A Man Called Ove. That was my favorite. I really loved Toni Erdmann. I saw it in Cannes at 8:30 in the morning. I didn’t know anything about it. I really loved it. I watched it again a second time and I didn’t love it as much then. I like Land of Mine very much. It is a very difficult film to watch. But A Man Called Ove just has a nice message without hitting you over the head with it. It was very pleasant to watch. It’s a crowd pleaser, yes, but I really enjoyed it immensely.

Best Actor?

I think Casey Affleck was really good, he’d be my favorite.

Best Actress?

I would have to say Isabelle Huppert.

Did you like Elle?

Not really, I liked her other movie better, but I thought she did a great job.

You’re referring to Things to Come?

Yes, I love that movie.

So glad to hear you say that. I’m actually disappointed she was nominated for Elle and not for Things to Come. That was one of my favorites last year.

Me too. But with Isabelle Huppert, you know, this may be a case where I’m voting for the actress and her body of work [instead of this one film], because I think she’s just unbelievable. She’s just an amazing actress and she was amazing in this part. I didn’t particularly love the movie, found it very misogynistic, but I can appreciate her work in it.

Best Supporting Actor?

I would give it to Mahershala Ali. He was the best for me.

Best Supporting Actress?

I have to say Viola Davis. She was really, really good in Fences. I also loved Denzel [Washington], but he was maybe a little over the top for me.

Best Director?

I would have to say maybe Barry Jenkins. Him, or Kenneth Lonergan.

Why those two?

The way Barry took the story, which is kind of in three parts… He directed it fairly seamlessly. He told the story in such a beautiful way. I mean I was originally thinking of Damien. He was the first person I thought of because what he did is kind of difficult to do. But then, I don’t think his task was any more difficult than other musicals in today’s world. And Kenneth took his own story…when [someone’s] directing from their own story, they tend to be self-indulgent. But I thought he was really good [and restrained] about it. I like his stage work a lot. I just thought he did a really good job in directing his actors, telling a story. I have a feeling I will probably vote for either Kenneth or Barry. I just liked the way both films turned out.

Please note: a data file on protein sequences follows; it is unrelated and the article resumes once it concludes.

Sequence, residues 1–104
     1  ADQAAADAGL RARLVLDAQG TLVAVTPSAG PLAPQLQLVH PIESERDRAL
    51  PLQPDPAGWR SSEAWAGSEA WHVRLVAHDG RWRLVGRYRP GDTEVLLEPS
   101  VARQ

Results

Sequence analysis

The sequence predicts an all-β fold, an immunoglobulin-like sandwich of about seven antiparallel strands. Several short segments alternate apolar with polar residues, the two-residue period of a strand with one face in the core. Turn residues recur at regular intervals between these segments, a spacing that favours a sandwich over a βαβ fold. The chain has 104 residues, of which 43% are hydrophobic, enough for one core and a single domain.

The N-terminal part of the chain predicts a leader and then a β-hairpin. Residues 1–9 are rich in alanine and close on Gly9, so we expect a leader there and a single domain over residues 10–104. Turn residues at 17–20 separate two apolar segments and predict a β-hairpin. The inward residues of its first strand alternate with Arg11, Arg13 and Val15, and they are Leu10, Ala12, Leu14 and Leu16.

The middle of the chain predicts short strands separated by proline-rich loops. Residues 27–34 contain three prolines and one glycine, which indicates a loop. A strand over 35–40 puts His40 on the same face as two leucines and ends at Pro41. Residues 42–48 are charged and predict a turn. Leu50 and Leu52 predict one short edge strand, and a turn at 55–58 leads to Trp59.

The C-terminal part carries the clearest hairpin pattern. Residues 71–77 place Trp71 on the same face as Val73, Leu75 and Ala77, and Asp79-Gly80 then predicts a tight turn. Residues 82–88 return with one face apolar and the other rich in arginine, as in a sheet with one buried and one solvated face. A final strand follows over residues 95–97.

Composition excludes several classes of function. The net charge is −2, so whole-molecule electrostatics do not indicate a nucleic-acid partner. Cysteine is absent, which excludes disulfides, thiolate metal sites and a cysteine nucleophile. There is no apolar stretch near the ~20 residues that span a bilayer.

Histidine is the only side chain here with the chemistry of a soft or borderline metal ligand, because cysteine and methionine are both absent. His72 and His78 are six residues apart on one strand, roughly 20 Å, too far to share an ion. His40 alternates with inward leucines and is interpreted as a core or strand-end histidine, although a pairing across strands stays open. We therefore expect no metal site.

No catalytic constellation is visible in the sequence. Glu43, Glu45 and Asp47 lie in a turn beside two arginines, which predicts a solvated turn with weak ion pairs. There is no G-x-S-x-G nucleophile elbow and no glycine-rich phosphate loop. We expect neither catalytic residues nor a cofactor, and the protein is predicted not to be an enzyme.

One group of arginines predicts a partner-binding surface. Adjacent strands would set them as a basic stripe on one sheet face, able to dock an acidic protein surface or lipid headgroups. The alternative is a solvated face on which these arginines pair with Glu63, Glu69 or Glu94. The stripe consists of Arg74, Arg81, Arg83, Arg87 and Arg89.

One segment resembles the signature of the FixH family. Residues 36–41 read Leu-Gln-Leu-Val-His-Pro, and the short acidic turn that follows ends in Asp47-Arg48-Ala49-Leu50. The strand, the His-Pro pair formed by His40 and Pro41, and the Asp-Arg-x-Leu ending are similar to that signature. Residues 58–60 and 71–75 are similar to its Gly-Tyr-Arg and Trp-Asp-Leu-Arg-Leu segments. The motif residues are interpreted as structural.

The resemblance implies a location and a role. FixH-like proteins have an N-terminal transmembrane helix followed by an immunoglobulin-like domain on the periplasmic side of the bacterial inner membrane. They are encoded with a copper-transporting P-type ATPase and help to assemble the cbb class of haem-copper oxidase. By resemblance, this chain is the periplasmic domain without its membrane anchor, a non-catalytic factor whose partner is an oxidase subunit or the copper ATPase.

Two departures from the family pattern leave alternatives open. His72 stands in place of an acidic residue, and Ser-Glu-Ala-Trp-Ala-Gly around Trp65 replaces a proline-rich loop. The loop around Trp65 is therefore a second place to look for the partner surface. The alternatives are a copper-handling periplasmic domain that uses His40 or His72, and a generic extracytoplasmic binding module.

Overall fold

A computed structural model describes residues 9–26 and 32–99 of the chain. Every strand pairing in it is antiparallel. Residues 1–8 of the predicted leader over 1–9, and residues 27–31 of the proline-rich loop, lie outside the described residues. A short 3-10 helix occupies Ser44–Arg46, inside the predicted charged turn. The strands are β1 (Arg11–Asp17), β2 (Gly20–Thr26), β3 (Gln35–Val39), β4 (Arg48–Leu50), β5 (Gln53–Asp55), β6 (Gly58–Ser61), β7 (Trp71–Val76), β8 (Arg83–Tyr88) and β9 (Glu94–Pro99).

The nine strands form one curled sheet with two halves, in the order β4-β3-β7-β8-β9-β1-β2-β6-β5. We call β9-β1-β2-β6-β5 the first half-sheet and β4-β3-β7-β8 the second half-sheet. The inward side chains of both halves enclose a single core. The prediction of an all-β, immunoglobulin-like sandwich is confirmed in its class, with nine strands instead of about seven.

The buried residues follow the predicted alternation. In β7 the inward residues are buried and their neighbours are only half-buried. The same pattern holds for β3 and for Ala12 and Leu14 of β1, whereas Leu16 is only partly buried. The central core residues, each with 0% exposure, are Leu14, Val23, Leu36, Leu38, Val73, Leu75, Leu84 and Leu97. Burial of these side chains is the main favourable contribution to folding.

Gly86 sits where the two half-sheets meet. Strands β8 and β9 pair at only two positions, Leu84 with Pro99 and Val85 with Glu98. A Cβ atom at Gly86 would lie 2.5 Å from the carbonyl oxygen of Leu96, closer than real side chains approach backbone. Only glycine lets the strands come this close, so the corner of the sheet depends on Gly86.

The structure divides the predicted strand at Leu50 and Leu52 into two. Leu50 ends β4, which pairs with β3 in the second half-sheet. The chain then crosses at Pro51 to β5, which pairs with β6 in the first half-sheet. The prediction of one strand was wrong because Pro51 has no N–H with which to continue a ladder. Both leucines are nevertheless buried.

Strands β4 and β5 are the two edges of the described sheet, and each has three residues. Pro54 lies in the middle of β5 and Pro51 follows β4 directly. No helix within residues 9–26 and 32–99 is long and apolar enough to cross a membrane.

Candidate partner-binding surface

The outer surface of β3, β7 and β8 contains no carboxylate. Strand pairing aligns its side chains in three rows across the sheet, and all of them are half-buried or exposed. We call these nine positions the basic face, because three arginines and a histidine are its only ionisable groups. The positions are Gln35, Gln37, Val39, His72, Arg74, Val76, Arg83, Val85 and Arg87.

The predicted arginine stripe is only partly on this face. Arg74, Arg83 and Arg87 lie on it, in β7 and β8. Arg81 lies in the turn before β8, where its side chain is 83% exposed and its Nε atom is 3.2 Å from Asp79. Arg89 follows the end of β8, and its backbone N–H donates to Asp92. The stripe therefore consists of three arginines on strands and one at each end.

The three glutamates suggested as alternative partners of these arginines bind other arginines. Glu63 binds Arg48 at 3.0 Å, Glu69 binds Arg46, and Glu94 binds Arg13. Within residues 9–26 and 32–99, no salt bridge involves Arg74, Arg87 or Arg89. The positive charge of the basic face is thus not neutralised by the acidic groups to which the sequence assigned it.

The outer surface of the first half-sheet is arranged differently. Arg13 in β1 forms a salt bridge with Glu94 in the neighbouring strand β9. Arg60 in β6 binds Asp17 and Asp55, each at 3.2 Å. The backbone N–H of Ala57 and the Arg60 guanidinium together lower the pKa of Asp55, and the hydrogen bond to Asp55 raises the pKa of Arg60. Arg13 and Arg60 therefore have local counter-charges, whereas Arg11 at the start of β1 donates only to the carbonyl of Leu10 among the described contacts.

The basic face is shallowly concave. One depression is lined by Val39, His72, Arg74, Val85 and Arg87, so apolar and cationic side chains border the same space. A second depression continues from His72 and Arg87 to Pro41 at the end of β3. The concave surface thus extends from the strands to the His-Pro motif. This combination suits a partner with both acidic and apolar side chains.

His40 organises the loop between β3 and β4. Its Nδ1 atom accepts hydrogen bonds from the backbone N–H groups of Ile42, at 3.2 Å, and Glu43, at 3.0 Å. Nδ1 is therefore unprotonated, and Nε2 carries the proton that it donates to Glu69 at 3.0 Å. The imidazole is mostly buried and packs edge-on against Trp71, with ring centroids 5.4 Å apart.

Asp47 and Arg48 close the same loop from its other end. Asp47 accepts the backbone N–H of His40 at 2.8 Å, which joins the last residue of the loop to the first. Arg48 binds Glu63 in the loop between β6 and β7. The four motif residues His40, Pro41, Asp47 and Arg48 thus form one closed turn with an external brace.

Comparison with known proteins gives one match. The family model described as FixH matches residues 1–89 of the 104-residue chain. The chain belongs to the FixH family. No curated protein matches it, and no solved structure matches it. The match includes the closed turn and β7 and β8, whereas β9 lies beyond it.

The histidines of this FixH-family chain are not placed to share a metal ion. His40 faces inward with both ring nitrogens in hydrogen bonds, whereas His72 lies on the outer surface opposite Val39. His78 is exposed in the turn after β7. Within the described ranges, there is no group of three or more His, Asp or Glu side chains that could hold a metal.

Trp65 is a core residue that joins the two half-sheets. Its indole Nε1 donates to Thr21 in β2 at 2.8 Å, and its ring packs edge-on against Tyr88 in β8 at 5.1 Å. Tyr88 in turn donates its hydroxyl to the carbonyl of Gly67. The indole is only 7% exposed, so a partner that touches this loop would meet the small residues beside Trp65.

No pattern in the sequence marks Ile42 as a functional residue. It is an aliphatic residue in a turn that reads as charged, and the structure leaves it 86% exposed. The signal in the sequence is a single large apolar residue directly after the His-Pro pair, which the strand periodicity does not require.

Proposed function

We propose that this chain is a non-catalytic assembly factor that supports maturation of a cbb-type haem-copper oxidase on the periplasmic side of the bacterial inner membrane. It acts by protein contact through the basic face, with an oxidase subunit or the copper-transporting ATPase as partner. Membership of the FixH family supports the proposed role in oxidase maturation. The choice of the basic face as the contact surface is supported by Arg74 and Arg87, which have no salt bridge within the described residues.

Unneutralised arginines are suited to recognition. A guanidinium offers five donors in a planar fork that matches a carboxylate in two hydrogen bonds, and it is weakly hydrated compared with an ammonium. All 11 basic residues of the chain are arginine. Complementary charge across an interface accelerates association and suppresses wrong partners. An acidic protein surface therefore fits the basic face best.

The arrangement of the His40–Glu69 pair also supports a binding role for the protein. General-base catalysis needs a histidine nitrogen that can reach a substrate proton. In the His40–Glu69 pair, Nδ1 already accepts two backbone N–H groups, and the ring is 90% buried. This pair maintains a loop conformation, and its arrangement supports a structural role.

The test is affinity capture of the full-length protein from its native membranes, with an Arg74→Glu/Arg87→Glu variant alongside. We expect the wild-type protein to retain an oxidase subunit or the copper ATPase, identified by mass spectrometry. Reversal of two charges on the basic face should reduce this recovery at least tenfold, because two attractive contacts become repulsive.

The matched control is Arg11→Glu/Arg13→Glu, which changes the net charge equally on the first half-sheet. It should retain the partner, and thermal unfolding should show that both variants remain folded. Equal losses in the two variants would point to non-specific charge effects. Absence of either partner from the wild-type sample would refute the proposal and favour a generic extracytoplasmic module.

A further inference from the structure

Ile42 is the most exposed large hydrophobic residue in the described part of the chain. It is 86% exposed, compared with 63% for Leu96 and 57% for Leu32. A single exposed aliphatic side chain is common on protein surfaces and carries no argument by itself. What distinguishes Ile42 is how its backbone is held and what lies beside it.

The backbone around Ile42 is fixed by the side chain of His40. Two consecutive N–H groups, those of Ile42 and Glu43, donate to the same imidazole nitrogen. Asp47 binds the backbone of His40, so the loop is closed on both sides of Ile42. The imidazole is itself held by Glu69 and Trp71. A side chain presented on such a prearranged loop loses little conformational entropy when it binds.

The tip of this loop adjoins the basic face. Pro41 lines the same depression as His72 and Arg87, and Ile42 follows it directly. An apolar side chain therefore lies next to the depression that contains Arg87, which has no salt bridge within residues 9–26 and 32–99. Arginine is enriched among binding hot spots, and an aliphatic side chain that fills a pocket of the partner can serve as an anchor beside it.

What is the toughest category for you to decide this year?

Best documentary. Yeah, I’m really torn. I mean, I always loved 13th. That was my favorite and then I saw I Am Not Your Negro. And I loved Fire At Sea but that doesn’t have a chance. It really doesn’t. Many people I know who saw it fell asleep during it. But I thought it was really great. It was really like, you’re watching this movie and you forget you’re watching a documentary. You don’t even realize it, I was so engrossed in that movie. I can’t imagine [why] people didn’t like it. The problem is, they probably watched it on TV and you have distractions and you can’t watch a movie like that. And for 13th, when you watch it again, it doesn’t feel like a documentary. It felt more like I was doing a lesson plan in history class. It felt too much like a lesson. But I loved I Am Not Your Negro. I probably will vote for that.

What about the other docs?

I thought O.J.: Made in America was really good. I watched it over a period of three days, but I don’t think it is a movie. It really feels more like a [TV] series. I don’t think it should have been nominated. I also loved Life, Animated. It’s a very well done documentary. Well again, I’ll probably go with I Am Not Your Negro. I don’t know.

What is your favorite 2016 film? It doesn’t have to be nominated for Best Picture. Something you put in your ballot during phase one even though you knew maybe it wasn’t going to be nominated.

You know what my favorite movie was that wasn’t nominated and that really affected me? I, Daniel Blake. It really resonated with me. I nominated that one. I loved it. There wasn’t much of a campaign for it, but Ken Loach doesn’t do much of any of that. He was recognized at the BAFTAs at least. And I also loved the documentary The Eagle Huntress.

What do you think of all these controversies that just appear at the thick of every awards season? Take La La Land, for instance. Are you paying attention to what people are saying?

I don’t really buy into them at all. I read one thing but I really didn’t pay much attention to it.

Well this particular so-called controversy ended up in “Saturday Night Live” even.

I can barely watch SNL because the writing is so horrendous.

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Freelance writer and film critic based in New York. Bylines at Film Journal, Time Out NY, Movie Mezzanine, Indiewire, and others.